Much as I like you, want you to be happy, love your writing and want to agree with you, that is my experience of this post as well. Except that I am far more bitter and nasty than wolfs daughter, so I have no problem bringing other people's happiness down. You pay lip service to the idea that it's a rare person who is without any kind of love, but this post is about romantic and sexual love. I love my mother deeply, but if this holiday is about encouraging people to come together and have sex, my love for her is irrelevant, and I see no reason why I should be happy about this holiday when I'm still sitting here in the snow and ice by myself, as it were.

So what kind of shrunken, sour heart? Mine, and I prefer "bitter" to "sour," if you please. Romantic pairings get all kinds of material, moral, and emotional benefits. They can do without my approval on their day to show it off. Except for my mom and stepdad, who get all my loving approval.

And yet there is a whole culture dedicated to hating this day, almost as strong as the one celebrating it. So why is it wrong to defend it?

You can take the folkloric meat of this post and remove the sex, and just make it about warmth and food and fire in the cold times--though solo sex is also possible and should also be celebrated, can be no less cathartic and meaningful.

I read your recent post about these issues and didn't know what to say, because I adore you so much and think you're such a spectacular human, and hate any world that doesn't pile up whatever you want at your feet.

But it's still not wrong, in the face of being told to shut up and keep quiet and don't have this holiday because it's evil, to defend it a little, and enjoy it myself.

This post keeps bugging the crap out of me, and it's odd that it does so, as I'm largely indifferent towards the holiday.  (I have my sneerings about the commercialism, but that's holiday-regardless, really.)

I'm not trying to take the holiday away with my grinchiness, and so this post isn't for me, in the sense that I shouldn't be chastised.  I am in multiple loving sexual-type relationships, so this post should be totally for me, in the sense that I am where culture wants me to be for this holiday.  And yet, here I am, totally annoyed by this post.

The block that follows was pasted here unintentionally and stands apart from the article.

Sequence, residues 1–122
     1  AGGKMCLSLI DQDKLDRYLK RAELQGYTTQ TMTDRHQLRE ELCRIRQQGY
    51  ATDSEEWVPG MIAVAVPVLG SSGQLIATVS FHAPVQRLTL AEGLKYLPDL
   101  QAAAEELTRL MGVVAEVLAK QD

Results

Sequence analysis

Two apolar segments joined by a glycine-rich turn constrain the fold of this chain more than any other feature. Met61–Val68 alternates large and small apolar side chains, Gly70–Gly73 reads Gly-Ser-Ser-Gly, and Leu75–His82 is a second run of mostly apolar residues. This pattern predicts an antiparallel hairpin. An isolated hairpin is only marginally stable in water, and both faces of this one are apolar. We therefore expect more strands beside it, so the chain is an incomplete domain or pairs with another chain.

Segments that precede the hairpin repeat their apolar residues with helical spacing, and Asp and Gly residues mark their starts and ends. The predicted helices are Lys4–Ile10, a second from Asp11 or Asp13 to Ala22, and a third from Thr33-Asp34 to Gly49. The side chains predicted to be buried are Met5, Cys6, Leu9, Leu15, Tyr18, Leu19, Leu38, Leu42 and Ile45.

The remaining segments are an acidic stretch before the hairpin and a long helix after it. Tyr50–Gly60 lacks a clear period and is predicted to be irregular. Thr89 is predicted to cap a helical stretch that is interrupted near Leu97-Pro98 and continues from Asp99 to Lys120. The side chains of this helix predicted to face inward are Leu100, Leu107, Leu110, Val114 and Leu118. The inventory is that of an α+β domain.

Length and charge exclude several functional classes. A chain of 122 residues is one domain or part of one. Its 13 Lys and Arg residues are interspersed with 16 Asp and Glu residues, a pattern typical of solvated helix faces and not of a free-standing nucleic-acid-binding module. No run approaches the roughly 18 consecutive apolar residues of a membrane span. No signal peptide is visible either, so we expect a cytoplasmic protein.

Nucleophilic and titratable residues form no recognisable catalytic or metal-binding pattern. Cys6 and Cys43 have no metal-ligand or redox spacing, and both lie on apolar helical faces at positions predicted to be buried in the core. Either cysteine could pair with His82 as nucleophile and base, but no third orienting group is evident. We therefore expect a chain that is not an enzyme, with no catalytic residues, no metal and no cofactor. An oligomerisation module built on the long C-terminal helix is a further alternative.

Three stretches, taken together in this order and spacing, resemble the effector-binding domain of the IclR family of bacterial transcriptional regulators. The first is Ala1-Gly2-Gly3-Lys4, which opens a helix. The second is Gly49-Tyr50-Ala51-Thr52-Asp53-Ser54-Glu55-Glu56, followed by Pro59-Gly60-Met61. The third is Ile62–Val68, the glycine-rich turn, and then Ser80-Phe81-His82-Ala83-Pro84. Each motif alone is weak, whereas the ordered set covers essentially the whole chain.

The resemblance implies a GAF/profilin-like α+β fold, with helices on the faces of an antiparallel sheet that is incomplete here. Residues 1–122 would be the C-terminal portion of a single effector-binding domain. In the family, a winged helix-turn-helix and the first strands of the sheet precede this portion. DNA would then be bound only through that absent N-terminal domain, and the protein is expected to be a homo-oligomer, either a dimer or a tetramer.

It might be that it continues to defend something that really, seriously, fantastically doesn't need defending.  (Unless you are next going to defend Christmas, in which case, this is small potatoes.)  Or that it's the same old "you're dissing on something I like? then I shall diss it back!" thing.  In which case, eh.  That's back to high school-isms.

I dunno.  Maybe I'll come back to it later.

I think this is a problem with--I live on a small island and do not have TV. I have no contact with the world that encourages diamonds and such. What I do have contact with is a whole friends list full of people complaining about the holiday and telling other people to shut up about it.

So I react to the culture I see.

alexandraerin linked to this in one of her posts, and I must say--this was a beautiful post. I am not anti-Valentine's Day, and so, this made me smile. Beautifully written, like so much of your work is. :D

I like this post, though it fails to address MY long time complaint against Valentine's day: it detracts from the celebration of Groundhog's Day (which I love to celebrate since it is a delightfully ridiculous holiday).

Of course, Valentine's makes it easier to get reservations to a nice restaraunt for a romantic groundhog's dinner (The amazing people at the always delicious Carrie Cerinos even made us a Groundhog's Day cake when I told them that's what we were celebrating, free).

I am going to have to toss this post to some friends who delight in ruining things for people. Thanks for writing it, and I hope that you had a very pleasant Valentines this year, that Predident's day rocked, and that Mardi Gras is as big a party as it deserves to be. Man this has been a busy week for excuses to party (as every week should be).

Perfect! Thank you for saying so beautifully what I often think.

Hey, I'm a tutor at La Guardia college and we need short essays to help students take practice tests (in the new standardized tests they have to read a short essay and respond to it) and i was wondering I we could use a cut down version of this piece (and possibly other posts if you're cool with it) for students to read and write responses to? You will be credited and you don't have to do any of the cutting and we're not using it for anything that would make us money so I hope you'll say yes.

My friend snogged linked this to from her V-day post. Would you mind if I posted a link to this @ my lj?

This is beyond amazing.

Linked here from a friends page. My hair raised. What an intensely well-written post. Thank you so much for expressing last year and again this year what I don't have the skill to. Beautiful. I applaud you.